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Antidepressants and hunger

Posted Sep 30 2008 5:21pm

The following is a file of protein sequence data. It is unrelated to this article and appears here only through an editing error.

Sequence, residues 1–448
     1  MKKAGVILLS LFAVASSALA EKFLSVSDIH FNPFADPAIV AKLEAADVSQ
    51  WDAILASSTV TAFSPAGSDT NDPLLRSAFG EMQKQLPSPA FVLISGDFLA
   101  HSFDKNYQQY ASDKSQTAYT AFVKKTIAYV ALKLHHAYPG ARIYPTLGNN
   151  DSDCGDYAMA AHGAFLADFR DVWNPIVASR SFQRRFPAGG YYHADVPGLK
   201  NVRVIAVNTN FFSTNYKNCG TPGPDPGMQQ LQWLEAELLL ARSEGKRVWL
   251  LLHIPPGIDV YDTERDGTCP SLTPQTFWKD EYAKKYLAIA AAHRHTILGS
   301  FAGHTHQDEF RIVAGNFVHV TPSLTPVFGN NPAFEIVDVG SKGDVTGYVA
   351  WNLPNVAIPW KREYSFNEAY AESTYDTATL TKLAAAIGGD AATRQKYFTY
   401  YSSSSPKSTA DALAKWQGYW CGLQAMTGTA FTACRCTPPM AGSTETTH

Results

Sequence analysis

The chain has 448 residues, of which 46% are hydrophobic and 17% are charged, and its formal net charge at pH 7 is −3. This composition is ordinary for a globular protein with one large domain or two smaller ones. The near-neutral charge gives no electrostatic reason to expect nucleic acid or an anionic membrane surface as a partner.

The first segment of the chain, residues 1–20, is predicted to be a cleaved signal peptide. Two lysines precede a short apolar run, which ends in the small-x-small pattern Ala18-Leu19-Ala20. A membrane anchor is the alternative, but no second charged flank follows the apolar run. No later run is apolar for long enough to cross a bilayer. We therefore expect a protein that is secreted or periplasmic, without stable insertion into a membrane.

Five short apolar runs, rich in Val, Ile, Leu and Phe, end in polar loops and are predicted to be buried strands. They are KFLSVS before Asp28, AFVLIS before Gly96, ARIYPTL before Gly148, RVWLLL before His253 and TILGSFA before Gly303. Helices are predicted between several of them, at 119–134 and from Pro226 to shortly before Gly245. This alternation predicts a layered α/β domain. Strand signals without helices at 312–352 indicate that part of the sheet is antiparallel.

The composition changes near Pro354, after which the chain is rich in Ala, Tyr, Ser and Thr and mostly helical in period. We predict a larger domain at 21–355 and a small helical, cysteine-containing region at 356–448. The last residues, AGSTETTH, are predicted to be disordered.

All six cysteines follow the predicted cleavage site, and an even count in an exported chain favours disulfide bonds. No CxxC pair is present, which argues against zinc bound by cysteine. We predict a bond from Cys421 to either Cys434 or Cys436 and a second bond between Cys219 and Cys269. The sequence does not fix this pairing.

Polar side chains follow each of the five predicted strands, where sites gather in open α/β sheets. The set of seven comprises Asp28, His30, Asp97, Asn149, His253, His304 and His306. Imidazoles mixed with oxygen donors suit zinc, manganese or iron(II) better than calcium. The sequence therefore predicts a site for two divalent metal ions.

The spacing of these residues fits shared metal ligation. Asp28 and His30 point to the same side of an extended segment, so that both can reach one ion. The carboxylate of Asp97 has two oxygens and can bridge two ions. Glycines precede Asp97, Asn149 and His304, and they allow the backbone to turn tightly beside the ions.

For most people, it is very hard to stop eating when you have eaten enough. You clean your plates as your mothers taught even though the portion of food served for one person today would have fed your entire family when you were younger. You announce that you are full and cannot eat another bite as the dessert menu is presented and then order dessert. Tasting dish after dish at buffets and accepting uncountable numbers of appetizers during a reception or cocktail party long after any feeling of hunger has stopped is the norm. And even though hunger is long gone, you continue to munch and nibble to satisfy a need to feel better, entertain yourself, socialize, or relieve boredom. Yet as hard as it is to stop eating when food is tempting or acts as the evening’s entertainment, it is considerably more difficult to stop eating when a person is on most of the drugs that are being used to treat mental disorders. With few exceptions, antidepressants, mood stabilizers and antipsychotic drugs leave people feeling that they must eat long after they have consumed enough to take away their hunger. “I can eat three times as much as my husband does for dinner and yet an hour or so after we are finished, I am back in the kitchen looking for something to eat,“ complained Jeanne, a social worker. “Before I went on the mood stabilizers for my bipolar illness, I never ate after dinner. Now I am prowling the kitchen until I go to sleep.” A client on one of the drugs used to treat psychotic behavior as well as other types of emotional disorders told us despairingly, “I eat lunch or dinner and an hour later I eat the same amount of food again. My stomach feels so stuffed that I am physically uncomfortable but there is something in my head telling me to continue to eat.” “The feeling is like being continually thirsty,” a third client told us. This man, a former research scientist before his illness, knew that his cravings were caused by his medication. “I know that the need to eat is coming from my brain but I just can’t seem to turn it off. I even wake up at night to stuff myself.” Although the medical community acknowledges the connection between medications used to treat emotional disorders and overeating, understanding why this is happening is still being investigated. And doing something about it is, as a psychiatrist colleague told me, “limited to telling our patients that they may gain weight so they better pay attention to what they are eating.” But we are doing something about it, based on results at our weight-loss center that treated many clients on antidepressants and medications for bipolar and other disorders. We had no special program for these clients whose major weight gain was linked to the drugs they were taking. But we knew from our research that the way to turn off appetite was to increase serotonin levels. Serotonin is made only when carbohydrates (with the exception of fruit) are eaten. The carbs must be eaten alone, not with any protein, and with very little fat. We had been using this approach for our clients whose weight gain was due to overeating caused by stress, PMS, menopause and the winter blues. We tried this approach on clients with medication-caused weight gain and it worked. To make things easy for them, we suggested they use a drink called Serotrim, which is the most effective combination of carbohydrates to make new serotonin. The drink removed the possibility of bingeing or not paying attention to snack size. And of course we supported their weight-loss efforts with a healthy low-fat meal plan. We also encouraged our clients to exercise because it took away the fatigue and sleepiness caused by some of their medications. Our plan had amazing results. One of our greatest success stories concerned a client whose weight had soared over 500 pounds. This individual lost over 250 pounds and kept them off. I know because I bumped into this person five years later and the weight hadn’t returned.
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